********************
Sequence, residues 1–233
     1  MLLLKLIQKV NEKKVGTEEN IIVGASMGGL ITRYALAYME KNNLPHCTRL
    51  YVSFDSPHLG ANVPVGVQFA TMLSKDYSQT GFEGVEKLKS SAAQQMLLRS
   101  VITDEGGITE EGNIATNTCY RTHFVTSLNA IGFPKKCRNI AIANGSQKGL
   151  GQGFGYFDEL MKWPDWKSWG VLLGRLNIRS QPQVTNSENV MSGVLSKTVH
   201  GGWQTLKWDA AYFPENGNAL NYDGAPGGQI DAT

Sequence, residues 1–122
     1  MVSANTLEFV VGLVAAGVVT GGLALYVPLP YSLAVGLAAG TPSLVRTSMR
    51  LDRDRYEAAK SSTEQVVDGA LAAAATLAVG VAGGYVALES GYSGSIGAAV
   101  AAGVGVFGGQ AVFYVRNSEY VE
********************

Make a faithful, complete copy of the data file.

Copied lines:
Sequence, residues 1–233
     1  MLLLKLIQKV NEKKVGTEEN IIVGASMGGL ITRYALAYME KNNLPHCTRL
    51  YVSFDSPHLG ANVPVGVQFA TMLSKDYSQT GFEGVEKLKS SAAQQMLLRS
   101  VITDEGGITE EGNIATNTCY RTHFVTSLNA IGFPKKCRNI AIANGSQKGL
   151  GQGFGYFDEL MKWPDWKSWG VLLGRLNIRS QPQVTNSENV MSGVLSKTVH
   201  GGWQTLKWDA AYFPENGNAL NYDGAPGGQI DAT

Sequence, residues 1–122
     1  MVSANTLEFV VGLVAAGVVT GGLALYVPLP YSLAVGLAAG TPSLVRTSMR
    51  LDRDRYEAAK SSTEQVVDGA LAAAATLAVG VAGGYVALES GYSGSIGAAV
   101  AAGVGVFGGQ AVFYVRNSEY VE